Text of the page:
motivational interviewing


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motivational interviewing

A form of directive, client-centered psychotherapy in which patients are encouraged to explore the discrepancies between what they hope to attain in their lives and how they currently live and behave. The therapist uses empathy while helping patients explore how change may positively affect their lives. Patients' natural resistance to change is accepted as normal and natural. Autonomy is fostered so that changes in speech and behavior are developed by the patient, not by the therapist. The technique is used in a variety of settings, including alcohol and drug rehabilitation.
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The material is divided into four sections, each discussing a process of motivational interviewing.
Motivational interviewing has been defined as a, "client-centered, directive method for enhancing intrinsic motivation to change by exploring and resolving ambivalence" (Hohman, 2012, Pg.
Keywords: motivational interviewing, self-assessment, Motivational Interviewing Treatment Integrity, Internet, online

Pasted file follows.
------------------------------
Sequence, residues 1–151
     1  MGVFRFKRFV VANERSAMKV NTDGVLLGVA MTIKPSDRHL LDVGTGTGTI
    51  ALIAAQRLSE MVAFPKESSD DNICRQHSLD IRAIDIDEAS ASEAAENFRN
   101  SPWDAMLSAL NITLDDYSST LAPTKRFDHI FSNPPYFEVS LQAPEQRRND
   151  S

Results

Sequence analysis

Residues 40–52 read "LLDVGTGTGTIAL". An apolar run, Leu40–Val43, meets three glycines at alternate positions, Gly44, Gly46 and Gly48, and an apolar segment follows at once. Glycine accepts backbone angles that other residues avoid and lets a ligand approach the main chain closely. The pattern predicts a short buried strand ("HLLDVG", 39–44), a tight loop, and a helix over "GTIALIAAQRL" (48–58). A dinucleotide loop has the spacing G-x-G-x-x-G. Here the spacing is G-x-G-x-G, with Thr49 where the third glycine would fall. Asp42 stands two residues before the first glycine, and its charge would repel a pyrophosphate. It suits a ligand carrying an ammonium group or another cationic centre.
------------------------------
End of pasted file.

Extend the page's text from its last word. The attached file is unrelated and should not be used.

Applying the four main elements of the spirit of motivational interviewing (partnership, evocation, acceptance, and compassion) to efforts to engage patients with behavioral health concerns;
Transforming the Conversation Through Motivational Interviewing
Interventions can range from brief counseling to motivational interviewing of adolescents at risk and finally referral to substance abuse specialists in the highest-risk groups.
A comprehensive search conducted in August 2014 identified all relevant randomised controlled trials evaluating the effects of motivational interviewing for smoking cessation.
Trainers reported that motivational interviewing (MI)-inconsistent behaviors were frequently perceived during training and believed to create barriers to learning.
Motivational interviewing (MI) is a useful approach for practitioners to help enhance patient interest and participation in their treatment (Rollnick, Miller, & Butler, 2008).
After identifying patients with high scores on the Alcohol, Smoking, and Substance Involvement Screening Test (ASSIST), the researchers randomized 528 patients to a brief negotiated interview (BNI), an adaptation of motivational interviewing (MOTIV), or a control group of no intervention.